Bronx fire: Who caused it? Who profits?
New York — The deadliest fire in this city in over 25 years erupted on the evening of Dec. 28. The large fire engulfed a residential building in the Belmont neighborhood of the Bronx, claiming 12 lives. Beginning in the kitchen of a ground-floor apartment, the fire quickly spread to the top of the five-story, walk-up building through a stairwell.
Who was at fault in this catastrophe? Media coverage in the New York Times, Daily News, Post and other media would have you believe it was the mother of two young children, who allegedly did not close her apartment door when she fled with them, allowing the fire to spread more quickly. New York Fire Department Commissioner Daniel Nigro egged the media on, saying, “Close the door, close the door, close the door” at a press conference the next day.
Barely mentioned in the frenzy to condemn a woman is that the NYC Fire Code requires landlords to install self-closing, fire-resistant doors in all buildings with three or more units. Such a door would have contained the fire inside the apartment longer, giving residents time to escape.
Rather than expose landlord negligence, most mainstream media rushed to blame this woman. The capitalist media would rather lay the deaths of 12 people at the feet of a mother concerned with getting her young children to safety than consider the culpability of the landlord, D&A Equities.
Coverage in the New York Times is typical: Despite at least eight articles and 9,000 words written about the fire in the three days afterwards, there is not a single mention of the fire door requirement.
New York City landlords routinely avoid basic maintenance of housing stock in working-class and oppressed neighborhoods such as Belmont, where the majority of the population is Latinx and the median income is below $26,000. (tinyurl.com/ybg932hd)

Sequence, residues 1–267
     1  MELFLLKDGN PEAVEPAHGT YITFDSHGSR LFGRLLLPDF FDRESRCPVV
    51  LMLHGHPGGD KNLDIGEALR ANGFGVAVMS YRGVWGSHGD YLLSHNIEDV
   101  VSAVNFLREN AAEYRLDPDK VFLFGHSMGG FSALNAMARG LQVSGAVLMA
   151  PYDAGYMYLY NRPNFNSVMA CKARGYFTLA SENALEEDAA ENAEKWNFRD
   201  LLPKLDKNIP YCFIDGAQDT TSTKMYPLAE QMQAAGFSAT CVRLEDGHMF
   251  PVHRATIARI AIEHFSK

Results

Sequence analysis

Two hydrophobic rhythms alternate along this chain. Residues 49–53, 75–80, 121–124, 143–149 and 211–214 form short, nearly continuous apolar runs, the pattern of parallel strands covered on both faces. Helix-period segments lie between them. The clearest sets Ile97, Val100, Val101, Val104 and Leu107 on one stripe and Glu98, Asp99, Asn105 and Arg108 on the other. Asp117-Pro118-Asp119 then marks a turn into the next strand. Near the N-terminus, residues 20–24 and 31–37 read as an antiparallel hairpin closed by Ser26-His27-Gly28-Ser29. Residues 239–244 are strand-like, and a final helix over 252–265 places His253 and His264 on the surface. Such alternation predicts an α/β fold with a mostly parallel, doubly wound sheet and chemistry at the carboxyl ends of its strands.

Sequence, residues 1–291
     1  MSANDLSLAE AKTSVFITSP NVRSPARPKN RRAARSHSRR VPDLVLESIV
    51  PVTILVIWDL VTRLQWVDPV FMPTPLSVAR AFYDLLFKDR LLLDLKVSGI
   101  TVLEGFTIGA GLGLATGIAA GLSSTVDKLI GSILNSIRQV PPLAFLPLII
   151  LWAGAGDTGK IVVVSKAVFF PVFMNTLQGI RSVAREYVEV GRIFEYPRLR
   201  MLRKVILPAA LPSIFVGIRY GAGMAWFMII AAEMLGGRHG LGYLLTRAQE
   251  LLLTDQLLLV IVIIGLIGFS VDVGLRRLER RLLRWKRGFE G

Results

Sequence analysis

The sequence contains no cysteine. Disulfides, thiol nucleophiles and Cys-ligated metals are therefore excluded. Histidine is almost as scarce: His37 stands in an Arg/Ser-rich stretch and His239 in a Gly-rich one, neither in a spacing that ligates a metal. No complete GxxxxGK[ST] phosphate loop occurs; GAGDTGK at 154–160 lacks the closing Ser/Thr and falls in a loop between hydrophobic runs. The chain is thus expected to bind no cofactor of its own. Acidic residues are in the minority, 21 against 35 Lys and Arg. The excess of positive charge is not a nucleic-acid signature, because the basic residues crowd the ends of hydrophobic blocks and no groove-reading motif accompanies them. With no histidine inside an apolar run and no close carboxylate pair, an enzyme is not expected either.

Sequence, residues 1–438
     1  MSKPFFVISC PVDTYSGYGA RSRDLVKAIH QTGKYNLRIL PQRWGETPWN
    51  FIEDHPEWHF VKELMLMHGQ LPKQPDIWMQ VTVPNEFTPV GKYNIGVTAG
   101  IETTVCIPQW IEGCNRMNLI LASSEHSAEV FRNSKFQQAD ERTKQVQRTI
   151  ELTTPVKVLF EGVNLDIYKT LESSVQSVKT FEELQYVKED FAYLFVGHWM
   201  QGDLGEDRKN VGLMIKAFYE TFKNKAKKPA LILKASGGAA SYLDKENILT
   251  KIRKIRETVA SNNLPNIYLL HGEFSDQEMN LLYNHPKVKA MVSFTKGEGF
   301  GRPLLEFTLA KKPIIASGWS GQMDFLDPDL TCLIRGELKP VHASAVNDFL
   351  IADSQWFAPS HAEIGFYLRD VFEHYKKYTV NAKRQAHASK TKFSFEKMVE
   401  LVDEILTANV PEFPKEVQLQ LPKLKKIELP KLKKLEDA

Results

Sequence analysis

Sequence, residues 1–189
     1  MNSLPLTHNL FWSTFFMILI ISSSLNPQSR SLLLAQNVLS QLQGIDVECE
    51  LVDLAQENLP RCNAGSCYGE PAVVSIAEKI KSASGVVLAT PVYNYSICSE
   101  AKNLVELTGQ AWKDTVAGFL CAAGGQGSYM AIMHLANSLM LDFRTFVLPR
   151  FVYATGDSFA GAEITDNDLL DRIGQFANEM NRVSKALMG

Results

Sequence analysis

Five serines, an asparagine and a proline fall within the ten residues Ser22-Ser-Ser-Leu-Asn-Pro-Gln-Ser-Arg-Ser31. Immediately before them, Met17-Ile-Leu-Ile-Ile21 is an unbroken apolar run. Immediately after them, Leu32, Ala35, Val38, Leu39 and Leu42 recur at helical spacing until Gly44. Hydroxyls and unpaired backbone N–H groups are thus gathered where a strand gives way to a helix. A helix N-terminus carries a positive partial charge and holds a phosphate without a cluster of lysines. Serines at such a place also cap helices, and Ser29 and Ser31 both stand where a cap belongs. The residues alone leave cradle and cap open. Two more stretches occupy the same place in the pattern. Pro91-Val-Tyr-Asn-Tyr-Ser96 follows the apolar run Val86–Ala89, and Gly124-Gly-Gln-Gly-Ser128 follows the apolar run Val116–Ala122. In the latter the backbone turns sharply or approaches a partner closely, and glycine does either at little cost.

Why would landlords pay for fire doors now, when, in a few years, they can push current tenants out and gut-renovate the building for wealthier, gentrifying tenants? Or sell the building for a big profit to a developer who will tear it down and build luxury condos in its place for even bigger profits?
Under capitalism, housing is built and destroyed for the benefit of landlords and their drive for ever-greater profits. The lives of tenants figure relatively little in these calculations. Perversely, the landlord may even benefit from this fire: With the current renters displaced, the landlord can remodel the building for more affluent tenants without a protracted legal struggle to remove the current tenants. Historically, it is not unheard of for landlords to “burn out” tenants in rent-controlled apartments to accelerate renovation-for-profit.
Such a cruel, inhuman system, in which the lives of 12 people matter less than a landlord’s profits, does not deserve to exist. Only socialism, where housing is built and maintained for the benefit of the people, can provide decent, safe housing for all.